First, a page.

News Review From Harvard Medical School -- Treatment Helps Some Kids with Egg Allergy
Some children with egg allergies can build a tolerance for this food over time by eating carefully controlled daily doses, a new study concludes. The study included 55 children, ages 5 through 18. Forty were given very small doses of powdered egg white each day. The other 15 received cornstarch powder. The amount was increased slowly, every 2 weeks, to a maximum of 2 grams (about one-third of an egg). After 10 months, the 35 children who were still receiving egg doses took a "challenge" test in the doctor's office. This involved eating a larger amount of egg white powder, about 5 grams. Of this group, 22 passed the test. The others had allergic reactions. After 22 months, 30 passed a second challenge. They ate no egg for the next 4 to 6 weeks. Then they were given another challenge with egg white powder and cooked egg white. Eleven passed. After that, they were told they could eat eggs as they wished. There were no allergic reactions in another year of follow-up. Researchers cautioned that this treatment must only be given under a doctor's care. The New England Journal of Medicine published the study. The Associated Press wrote about it July 19.
By Henry H. Bernstein, D.O.
Harvard Medical School
What Is the Doctor's Reaction?
Suppose your child has a food allergy. Even when you are very careful, the child can get exposed to that problem food by accident. These exposures can cause serious allergic reactions. This is why researchers keep looking for new ways to treat food allergies.
One possible treatment being studied is called oral immunotherapy. This is when people are given tiny, daily doses of the very food to which they are allergic. Over time, the amount of the problem food given each day is increased. Researchers believe that this approach can train the immune system not to overreact to the food anymore.
In a new study, researchers looked at using oral immunotherapy for children who are allergic to eggs. The New England Journal of Medicine published the study. Forty children, ages 5 through 11 years old, were given increasing doses of egg white powder each day. Blood and skin tests measured how much of an allergic reaction they were having.
Most of the children (35 out of 40) on oral immunotherapy showed some improvement.
- Eleven of the children (28%) no longer had any allergic reactions when they ate eggs.
- The rest of the children could eat egg without problems. However, their allergic reactions came back when the treatment was stopped.
These 40 children were compared with 15 children who had egg allergies and did not get any oral immunotherapy. All of these 15 still had allergic reactions when given egg to eat.
These results are very promising! Oral immunotherapy seemed to help egg-allergic children eat eggs with no reaction, or only a mild reaction.
What Changes Can I Make Now?
Never try to do oral immunotherapy on your own at home! Oral immunotherapy for egg allergy is still experimental. Leave it to the experts!
Oral immunotherapy should be used only as part of a strictly controlled research study. Remember, oral immunotherapy requires children to eat the very food that is a problem for them. This puts them at high risk to have a bad allergic reaction.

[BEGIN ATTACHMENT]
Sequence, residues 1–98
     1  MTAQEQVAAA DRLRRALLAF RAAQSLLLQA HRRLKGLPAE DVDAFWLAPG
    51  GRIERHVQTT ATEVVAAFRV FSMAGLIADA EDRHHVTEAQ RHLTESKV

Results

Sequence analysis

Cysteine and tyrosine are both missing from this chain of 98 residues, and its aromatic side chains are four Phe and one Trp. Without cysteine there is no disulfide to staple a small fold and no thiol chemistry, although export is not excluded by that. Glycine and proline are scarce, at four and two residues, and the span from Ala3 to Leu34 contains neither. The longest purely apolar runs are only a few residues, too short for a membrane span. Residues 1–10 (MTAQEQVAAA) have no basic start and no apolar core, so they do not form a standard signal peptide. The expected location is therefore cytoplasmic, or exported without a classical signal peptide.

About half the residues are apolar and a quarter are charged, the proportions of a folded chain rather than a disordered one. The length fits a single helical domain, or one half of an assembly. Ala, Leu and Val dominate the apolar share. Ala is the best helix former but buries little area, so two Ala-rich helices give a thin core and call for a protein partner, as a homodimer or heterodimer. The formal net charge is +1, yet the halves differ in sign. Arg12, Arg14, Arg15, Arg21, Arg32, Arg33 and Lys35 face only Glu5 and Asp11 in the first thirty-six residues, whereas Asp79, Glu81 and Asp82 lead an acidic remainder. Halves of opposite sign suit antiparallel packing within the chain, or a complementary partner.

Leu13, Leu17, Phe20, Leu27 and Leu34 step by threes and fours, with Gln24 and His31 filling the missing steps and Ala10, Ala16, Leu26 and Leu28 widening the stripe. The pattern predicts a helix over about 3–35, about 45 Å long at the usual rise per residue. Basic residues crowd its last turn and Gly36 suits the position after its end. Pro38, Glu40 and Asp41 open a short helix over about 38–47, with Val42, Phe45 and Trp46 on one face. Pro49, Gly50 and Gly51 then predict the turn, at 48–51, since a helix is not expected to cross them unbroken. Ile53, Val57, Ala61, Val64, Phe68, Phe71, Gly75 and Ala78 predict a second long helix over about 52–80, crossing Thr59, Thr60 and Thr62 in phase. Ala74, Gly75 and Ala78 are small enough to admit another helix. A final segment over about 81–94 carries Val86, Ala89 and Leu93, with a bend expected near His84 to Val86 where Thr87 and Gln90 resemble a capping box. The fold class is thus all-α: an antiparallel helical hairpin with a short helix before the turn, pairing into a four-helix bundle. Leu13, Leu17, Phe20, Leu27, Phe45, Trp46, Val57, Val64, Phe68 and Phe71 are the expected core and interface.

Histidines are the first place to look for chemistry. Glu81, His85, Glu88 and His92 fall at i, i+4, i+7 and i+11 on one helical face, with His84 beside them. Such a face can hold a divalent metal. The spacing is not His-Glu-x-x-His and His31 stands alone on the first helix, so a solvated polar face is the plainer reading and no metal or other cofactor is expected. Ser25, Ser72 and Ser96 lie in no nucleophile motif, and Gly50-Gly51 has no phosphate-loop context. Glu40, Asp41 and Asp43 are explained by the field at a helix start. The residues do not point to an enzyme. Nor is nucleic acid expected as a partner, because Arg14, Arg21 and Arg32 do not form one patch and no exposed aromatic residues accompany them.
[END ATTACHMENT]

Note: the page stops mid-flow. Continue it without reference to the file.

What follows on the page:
Eggs are one of the most common allergy-causing foods in children. Many children outgrow their egg allergy before they are teenagers. In some cases, though, the food allergy continues into adulthood.
For now, there is only one sure way to prevent egg allergy symptoms -- avoid eggs altogether!
- Talk with your child about her allergy. Tell her never to share food. Be sure she understands that she cannot eat something unless she knows it is free from eggs.
- Read labels on all packaged foods carefully. Ask about the ingredients in foods that others may have prepared. At restaurants, be sure to let the waiter know about your child's allergy.
- Make sure your child, his friends and their parents know how serious his allergy is and how important it is to completely avoid eggs.
- Always give full information about your child's food allergy to her school, camp and child care providers. Update this information regularly at the start of each school year and whenever you learn new information.
- With flu season approaching, be sure to talk with your doctor about getting your child vaccinated. The vaccine is well received by nearly all children and adults. Children with a history of mild egg allergy (hives) can get the flu vaccine safely at their doctor's office. For children with a history of severe egg allergy, the doctor should consult with the child's allergist before giving the flu vaccine.
What Can I Expect Looking to the Future?
Oral immunotherapy is not recommended as a standard treatment for egg allergy. Before that can happen, much work still needs to be done.
Expect researchers to continue to study how oral immunotherapy works. Researchers must still learn:
- What are the risks of oral immunotherapy compared with just avoiding the problem food?
- Which children are most likely to benefit from this treatment?
- How much of the problem food should the child be given?
- How can we make sure that children remain allergy-free after the treatment is stopped?